After stripping out the old walls and ceiling, the developers opted for a very modern feel for the space.
The library now boasts 16 public meeting spaces, 14 public study rooms, 64 computer labs, 10 children’s computer labs, and 2 genealogy computer labs.
Of course there is also a cafe, a used book store, an auditorium, and self check-out stations. This next part makes it perfect…
What’s more is that they host an incredible Farmers’ Market.
Where you can get everything you need.
They even set up shop indoors in the winter.
And Nino’s RioPizza Gulino dishes out fresh handmade pizza made with ingredients from the market!
Even the grounds look amazing. This has to be the coolest public library ever.
I guess it’s true what they say: everything is bigger in Texas. Even the public libraries. I think it’s time for me to start packing my bags (and my library card).
It would serve Americans greatly to take a page out of Sweden’s book about recycling their waste.
The Scandinavian nation of Sweden has set a new precedent in the world of recycling its trash, with a near zero waste amount of 99 percent. Sweden was already ahead of the game back in 2012, when they were recycling 96 percent of their trash, but the three percent jump in just two years is quite impressive.
Image credit: sweden.media
How does Sweden do it? They have an aggressive recycling policy, which goes in an order of importance: prevention, reuse, recycling, recycling alternatives, and as a last resort, disposal in landfill. As of 2014, only 1 percent of their waste ends up in a landfill.
Swedes understand that producing less waste to begin with is key to reducing the amount of trash that ends up being thrown away. Something as simple as using reusable containers for water and drinks can greatly reduce the amount of trash each person produces per year.
They have a very advanced system of trash separation which makes it easy to recycle nearly everything that’s thrown away.
Much of the left over waste is taken care of by using “recycling alternatives”, such as the Waste-to-Energy program, which is explained in this video:
While the “recycling alternative” remains controversial, it’s cleaner than drilling for oil or natural gas to burn in traditional power plants.
Sweden is so good at recycling its trash in fact, that it now has plans to import 800,000 tons of garbage from other countries in Europe in order to create heat for its citizens through its Waste-to-Energy program.
America should take note of this process considering we only recycle approximately 34 percent of the garbage we throw away.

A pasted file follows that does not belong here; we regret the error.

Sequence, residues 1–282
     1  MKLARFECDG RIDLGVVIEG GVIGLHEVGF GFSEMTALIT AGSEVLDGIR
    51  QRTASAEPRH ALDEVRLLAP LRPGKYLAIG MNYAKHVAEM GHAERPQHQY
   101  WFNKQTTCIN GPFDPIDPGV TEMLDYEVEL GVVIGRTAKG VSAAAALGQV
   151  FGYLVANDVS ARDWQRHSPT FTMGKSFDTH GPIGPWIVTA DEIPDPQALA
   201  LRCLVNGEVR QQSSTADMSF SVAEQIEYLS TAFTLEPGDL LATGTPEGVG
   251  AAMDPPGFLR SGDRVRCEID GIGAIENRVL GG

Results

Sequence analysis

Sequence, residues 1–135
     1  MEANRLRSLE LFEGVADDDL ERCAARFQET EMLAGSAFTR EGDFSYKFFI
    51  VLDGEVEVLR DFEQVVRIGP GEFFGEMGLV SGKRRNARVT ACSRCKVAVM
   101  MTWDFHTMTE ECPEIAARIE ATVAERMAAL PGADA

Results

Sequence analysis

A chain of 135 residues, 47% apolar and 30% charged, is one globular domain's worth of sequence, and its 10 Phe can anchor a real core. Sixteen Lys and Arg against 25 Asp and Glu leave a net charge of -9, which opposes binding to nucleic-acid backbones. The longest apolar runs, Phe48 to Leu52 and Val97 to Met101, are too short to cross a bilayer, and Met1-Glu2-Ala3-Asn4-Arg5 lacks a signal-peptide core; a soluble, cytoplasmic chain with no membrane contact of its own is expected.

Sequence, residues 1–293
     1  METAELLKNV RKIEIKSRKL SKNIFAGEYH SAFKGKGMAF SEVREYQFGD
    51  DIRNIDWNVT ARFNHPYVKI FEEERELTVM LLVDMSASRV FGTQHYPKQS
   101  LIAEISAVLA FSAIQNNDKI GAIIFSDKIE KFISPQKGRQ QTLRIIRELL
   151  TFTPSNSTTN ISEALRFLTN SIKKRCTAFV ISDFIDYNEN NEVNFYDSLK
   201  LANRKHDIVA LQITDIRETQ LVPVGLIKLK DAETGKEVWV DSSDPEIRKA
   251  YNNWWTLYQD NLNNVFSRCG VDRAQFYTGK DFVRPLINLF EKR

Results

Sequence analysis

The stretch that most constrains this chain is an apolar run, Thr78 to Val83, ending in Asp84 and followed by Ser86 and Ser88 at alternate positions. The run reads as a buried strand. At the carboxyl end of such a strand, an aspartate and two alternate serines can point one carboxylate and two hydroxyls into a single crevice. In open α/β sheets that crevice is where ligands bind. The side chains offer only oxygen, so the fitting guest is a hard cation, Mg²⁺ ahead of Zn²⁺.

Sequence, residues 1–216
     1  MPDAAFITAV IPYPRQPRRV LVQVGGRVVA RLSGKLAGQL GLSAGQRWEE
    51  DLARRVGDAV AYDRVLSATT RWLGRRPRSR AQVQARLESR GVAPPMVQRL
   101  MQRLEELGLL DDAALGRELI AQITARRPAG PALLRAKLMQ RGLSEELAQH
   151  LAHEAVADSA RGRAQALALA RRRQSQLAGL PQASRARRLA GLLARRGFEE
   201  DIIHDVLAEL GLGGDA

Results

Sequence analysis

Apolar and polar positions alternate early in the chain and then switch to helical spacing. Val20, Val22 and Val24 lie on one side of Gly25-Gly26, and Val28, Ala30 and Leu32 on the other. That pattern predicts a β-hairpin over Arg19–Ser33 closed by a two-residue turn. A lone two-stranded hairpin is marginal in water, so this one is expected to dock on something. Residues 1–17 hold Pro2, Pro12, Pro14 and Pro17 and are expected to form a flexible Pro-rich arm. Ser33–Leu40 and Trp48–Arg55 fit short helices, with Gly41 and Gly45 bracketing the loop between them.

– See more at: http://livefreelivenatural.com/sweden-now-recycling-99-percent-trash-heres/#sthash.NwJ6xgJZ.dpuf
Andrew Baker ( FFN),– Freedom of Information Act in the UK filed by a doctor there has revealed 30 years of secret official documents showing that government experts have
1. Known the vaccines don’t work
2. Known they cause the diseases they are supposed to prevent
3. Known they are a hazard to children
4. Colluded to lie to the public
5. Worked to prevent safety studies
Revealed: Thousands of Irish orphans were used as ‘drug guinea pigs’
Edited time: June 11, 2014 11:16
Over 2,000 care-home kids were secretly vaccinated against diphtheria in the 1930s in medical trials undertaken by international drugs giant Burroughs Wellcome, Irish media reveal. Among the testing sites was a recently discovered mass grave.
The medical records cited by the Irish Daily Mail show that some 2,051 children and babies across several Irish care homes may have been subjected to the practice.
The biggest global event against food manipulation giant,Monsanto, was unleashed yesterday as 350 towns and cities around the globe marched and shouted against corporate tyranny and mass murder.
Genetically modified foods such as soy and corn may be responsible for a number of gluten-related maladies including intestinal disorders now plaguing 18 million Americans, according to a new report released on Tuesday.
The report was released by the Institute for Responsible Technology (IRT), and cites authoritative data from the US Department of Agriculture, US Environmental Protection Agency records, medical journal reviews as well as international research.
“Gluten sensitivity can range in severity from mild discomfort, such as gas and bloating, to celiac disease, a serious autoimmune condition that can, if undiagnosed, result in a 4-fold increase in death,” said Jeffrey M. Smith, executive director of IRT in a statement released on their website.
Smith cited how a “possible environmental trigger may be the introduction of genetically modified organisms (GMOs) to the American food supply, which occurred in the mid-1990s,” describing the nine GM crops currently on the market.
In soy, corn, cotton (oil), canola (oil), sugar from sugar beets, zucchini, yellow squash, Hawaiian papaya, and alfalfa, “Bt-toxin, glyphosate, and other components of GMOs, are linked to five conditions that may either initiate or exacerbate gluten-related disorders,” according to Smith.
It’s the BT-toxin in genetically modified foods which kills insects by “puncturing holes in their cells.” The toxin is present in ‘every kernel’ of Bt-corn and survives human digestion, with a 2012 study confirming that it punctures holes in human cells as well.
The GMO-related damage was linked to five different areas: Intestinal permeability, imbalanced gut bacteria, immune activation and allergic response, impaired digestion, and damage to the intestinal wall.
The IRT release also indicated that glyphosate, a weed killer sold under the brand name ‘Roundup’ was also found to have a negative effect on intestinal bacteria. GMO crops contain high levels of the toxin at harvest.
“Even with minimal exposure, glyphosate can significantly reduce the population of beneficial gut bacteria and promote the overgrowth of harmful strains,” the report found.
Dr. Tom O’Bryan, internationally recognized expert on gluten sensitivity and Celiac Disease, says that “the introduction of GMOs is highly suspect as a candidate to explain the rapid rise in gluten-related disorders over the last 17 years.”
Internist, Emily Linder, offered some backup for the report’s findings. She removed GMO from her patients’ diets, finding that recovery from intestinal diseases was faster and more complete.
“I believe that GMOs in our diet contribute to the rise in gluten-sensitivity in the US population,” Linder said in the release.